Jaromir Jagr is on pace for 67 points, a major drop from what he usually produces. (Photo by Gregg Forwerck/NHLI via Getty Images)
It was bound to happen sooner or later. Jaromir Jagr has come down from his status as an elite fantasy stud to just a regular star.
We thought it happened when he left Pittsburgh, but as it turned out it was just a lack of motivation. Once he was traded to the Rangers and they put him in a comfortable environment with many of his Czech countrymen, Jagr flourished once more.
But here he is, still in the same environment – and in a contract year, no less – and he has slowed down, this time for good. At 35, it is clear 100-point seasons are behind him. While 75- or 80-point seasons are nothing to sneeze at, there are 40 other players in this league that can do that. No. 68 is no longer special.
If I was a betting man – and I guess in a way I am, given my love of fantasy hockey – I would have wagered the house Jagr would have tallied at least 84 points this season. After all, that is the threshold he needs to cross in order to extend his contract with the Rangers. He needs 37 points in his last 28 games to get there. Jaromir Jagr of 1998 could do it. Jaromir Jagr of 2008…not so much.
It looked as if things were turning around when, from Dec. 18 to Jan. 22, he had 24 points in 18 contests. However, he has one point in six games since and seems destined to fall short of a point-per-game for the first time since 2004.
Back in his glory days, Jagr was the one player who could put up the points of two players – yet take up just one roster spot. That’s priceless in fantasy leagues. Nobody will do that this season, although there are several players who could begin doing that as early as 2008-09 (you know who they are).
He’ll shake this funk. The problem is, funks are a lot more frequent for him these days…
Edmonton’s Shawn Horcoff is out for the season. He had missed three games as of Thursday and Sam Gagner had four points in those three games. So far, that indicates to me Gagner’s production will see a significant boost over the final 25 contests…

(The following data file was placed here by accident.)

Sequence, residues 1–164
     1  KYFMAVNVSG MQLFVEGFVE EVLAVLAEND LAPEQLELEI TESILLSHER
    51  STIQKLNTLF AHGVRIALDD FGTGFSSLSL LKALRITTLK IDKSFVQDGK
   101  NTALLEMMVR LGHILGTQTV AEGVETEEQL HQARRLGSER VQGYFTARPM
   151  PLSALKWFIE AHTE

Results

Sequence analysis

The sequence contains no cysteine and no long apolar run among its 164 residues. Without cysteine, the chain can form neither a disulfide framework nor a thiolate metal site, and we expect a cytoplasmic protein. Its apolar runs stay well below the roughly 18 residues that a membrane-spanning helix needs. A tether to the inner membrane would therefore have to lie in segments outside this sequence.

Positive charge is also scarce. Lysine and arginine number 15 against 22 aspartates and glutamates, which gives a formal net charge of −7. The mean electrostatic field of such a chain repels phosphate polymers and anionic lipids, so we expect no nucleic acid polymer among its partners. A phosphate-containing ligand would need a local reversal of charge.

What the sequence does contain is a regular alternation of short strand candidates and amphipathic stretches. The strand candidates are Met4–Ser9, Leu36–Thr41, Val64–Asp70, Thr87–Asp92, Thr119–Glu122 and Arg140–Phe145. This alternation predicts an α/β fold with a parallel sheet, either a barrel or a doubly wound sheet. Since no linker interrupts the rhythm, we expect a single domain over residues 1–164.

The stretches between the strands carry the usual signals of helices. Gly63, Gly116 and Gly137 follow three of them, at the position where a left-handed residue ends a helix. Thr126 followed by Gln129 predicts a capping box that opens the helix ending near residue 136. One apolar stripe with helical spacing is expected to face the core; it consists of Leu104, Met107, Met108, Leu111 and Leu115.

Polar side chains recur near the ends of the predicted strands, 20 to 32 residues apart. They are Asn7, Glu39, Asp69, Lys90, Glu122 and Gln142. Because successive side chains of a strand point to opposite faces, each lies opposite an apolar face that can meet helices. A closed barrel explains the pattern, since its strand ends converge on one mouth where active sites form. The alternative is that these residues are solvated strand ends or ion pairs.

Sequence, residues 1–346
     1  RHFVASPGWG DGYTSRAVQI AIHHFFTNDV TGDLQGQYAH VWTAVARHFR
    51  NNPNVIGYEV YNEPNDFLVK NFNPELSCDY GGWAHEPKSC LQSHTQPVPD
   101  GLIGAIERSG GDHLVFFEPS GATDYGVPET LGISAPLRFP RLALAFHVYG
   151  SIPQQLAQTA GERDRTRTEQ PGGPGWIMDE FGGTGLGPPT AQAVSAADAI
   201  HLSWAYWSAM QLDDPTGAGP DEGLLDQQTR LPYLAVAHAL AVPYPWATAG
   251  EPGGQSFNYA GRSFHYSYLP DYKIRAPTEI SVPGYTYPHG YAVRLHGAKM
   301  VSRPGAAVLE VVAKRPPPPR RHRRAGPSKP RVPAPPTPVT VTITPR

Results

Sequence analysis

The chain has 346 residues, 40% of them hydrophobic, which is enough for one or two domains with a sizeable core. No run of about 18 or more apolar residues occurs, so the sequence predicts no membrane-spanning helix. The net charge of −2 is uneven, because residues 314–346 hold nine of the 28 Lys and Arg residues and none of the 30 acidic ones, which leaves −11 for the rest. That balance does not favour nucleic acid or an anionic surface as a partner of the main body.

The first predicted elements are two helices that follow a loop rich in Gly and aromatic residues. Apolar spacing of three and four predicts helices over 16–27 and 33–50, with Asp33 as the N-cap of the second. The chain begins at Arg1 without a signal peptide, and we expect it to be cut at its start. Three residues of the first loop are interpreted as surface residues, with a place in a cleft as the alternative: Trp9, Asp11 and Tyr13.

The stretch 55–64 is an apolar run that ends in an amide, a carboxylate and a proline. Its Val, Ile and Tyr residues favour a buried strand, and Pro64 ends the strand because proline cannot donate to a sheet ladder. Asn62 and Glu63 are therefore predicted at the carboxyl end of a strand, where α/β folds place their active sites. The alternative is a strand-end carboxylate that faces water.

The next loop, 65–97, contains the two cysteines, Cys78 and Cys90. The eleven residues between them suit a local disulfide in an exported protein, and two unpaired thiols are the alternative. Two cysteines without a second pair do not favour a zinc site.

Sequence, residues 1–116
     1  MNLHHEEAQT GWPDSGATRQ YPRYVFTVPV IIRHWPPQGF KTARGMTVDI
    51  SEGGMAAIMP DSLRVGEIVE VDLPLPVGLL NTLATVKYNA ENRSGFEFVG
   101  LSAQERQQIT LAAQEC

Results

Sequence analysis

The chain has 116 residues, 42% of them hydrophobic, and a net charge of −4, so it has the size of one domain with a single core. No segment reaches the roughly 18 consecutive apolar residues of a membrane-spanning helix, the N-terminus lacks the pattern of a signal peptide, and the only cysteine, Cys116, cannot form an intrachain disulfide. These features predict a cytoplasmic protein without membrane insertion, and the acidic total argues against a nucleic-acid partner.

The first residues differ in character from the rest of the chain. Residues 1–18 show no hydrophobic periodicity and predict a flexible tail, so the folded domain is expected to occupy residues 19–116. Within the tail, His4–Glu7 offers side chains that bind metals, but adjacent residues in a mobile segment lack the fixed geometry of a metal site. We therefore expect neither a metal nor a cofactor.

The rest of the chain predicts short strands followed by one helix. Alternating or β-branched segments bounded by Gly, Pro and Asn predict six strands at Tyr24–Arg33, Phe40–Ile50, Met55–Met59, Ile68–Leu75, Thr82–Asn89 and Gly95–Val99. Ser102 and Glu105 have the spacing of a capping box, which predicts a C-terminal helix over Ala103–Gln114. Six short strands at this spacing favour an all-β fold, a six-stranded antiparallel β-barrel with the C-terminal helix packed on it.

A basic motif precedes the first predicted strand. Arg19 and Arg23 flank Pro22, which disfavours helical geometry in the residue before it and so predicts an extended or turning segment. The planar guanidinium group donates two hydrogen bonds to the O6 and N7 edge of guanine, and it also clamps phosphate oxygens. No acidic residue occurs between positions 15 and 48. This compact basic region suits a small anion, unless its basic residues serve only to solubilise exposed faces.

David Vyborny’s production dropped significantly last season once Ken Hitchcock took the reins. His 26-point pace for this season, injuries aside, confirmed he is not a Hitchcock favorite. Unless he is somewhere else next year, it’s time to bail on this normally 60-plus-point player…
Injuries, from a fantasy league perspective: Boston winger Glen Murray will likely return from his hip injury Friday. Since the line of Milan Lucic, Chuck Kobasew and Glen Metropolit is playing so well together, Murray will likely be on a line with Marco Sturm and Marc Savard. That pushes Phil Kessel back to the third line…
Farm Report: Here’s a 22-year-old late bloomer to keep an eye on (and no, it’s not Fabian Brunnstrom). His name is Paul Szczechura. After performing extremely well for Western Michigan of the NCAA, he still went undrafted. He stumbled in the American League for Iowa, but was acquired by Tampa’s farm club, the Norfolk Admirals. He has 13 points in nine games since joining the team and if he keeps up that kind of production the offense-starved Lightning may slide a piece of paper his way and hand him a pen.
Darryl Dobbs’ Fantasy Pool Look is an in-depth presentation of player trends, injuries and much more as it pertains to rotisserie pool leagues. Get the edge in your league - check out the latest scoop every Monday and Wednesday. Also, get the top 300 roto-player rankings on the 1st of every month in THN’s Fantasy section.